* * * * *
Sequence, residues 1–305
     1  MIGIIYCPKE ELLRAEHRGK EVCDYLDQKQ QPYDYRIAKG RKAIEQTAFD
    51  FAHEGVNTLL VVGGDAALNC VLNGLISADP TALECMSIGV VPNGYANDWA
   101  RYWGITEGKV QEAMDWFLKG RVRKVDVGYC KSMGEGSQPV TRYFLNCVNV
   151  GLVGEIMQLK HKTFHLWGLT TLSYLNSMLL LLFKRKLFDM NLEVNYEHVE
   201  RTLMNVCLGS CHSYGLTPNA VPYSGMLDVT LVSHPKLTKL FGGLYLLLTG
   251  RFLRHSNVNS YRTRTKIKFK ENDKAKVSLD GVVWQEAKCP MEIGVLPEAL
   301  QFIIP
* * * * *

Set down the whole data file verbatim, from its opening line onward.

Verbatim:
Sequence, residues 1–305
     1  MIGIIYCPKE ELLRAEHRGK EVCDYLDQKQ QPYDYRIAKG RKAIEQTAFD
    51  FAHEGVNTLL VVGGDAALNC VLNGLISADP TALECMSIGV VPNGYANDWA
   101  RYWGITEGKV QEAMDWFLKG RVRKVDVGYC KSMGEGSQPV TRYFLNCVNV
   151  GLVGEIMQLK HKTFHLWGLT TLSYLNSMLL LLFKRKLFDM NLEVNYEHVE
   201  RTLMNVCLGS CHSYGLTPNA VPYSGMLDVT LVSHPKLTKL FGGLYLLLTG
   251  RFLRHSNVNS YRTRTKIKFK ENDKAKVSLD GVVWQEAKCP MEIGVLPEAL
   301  QFIIP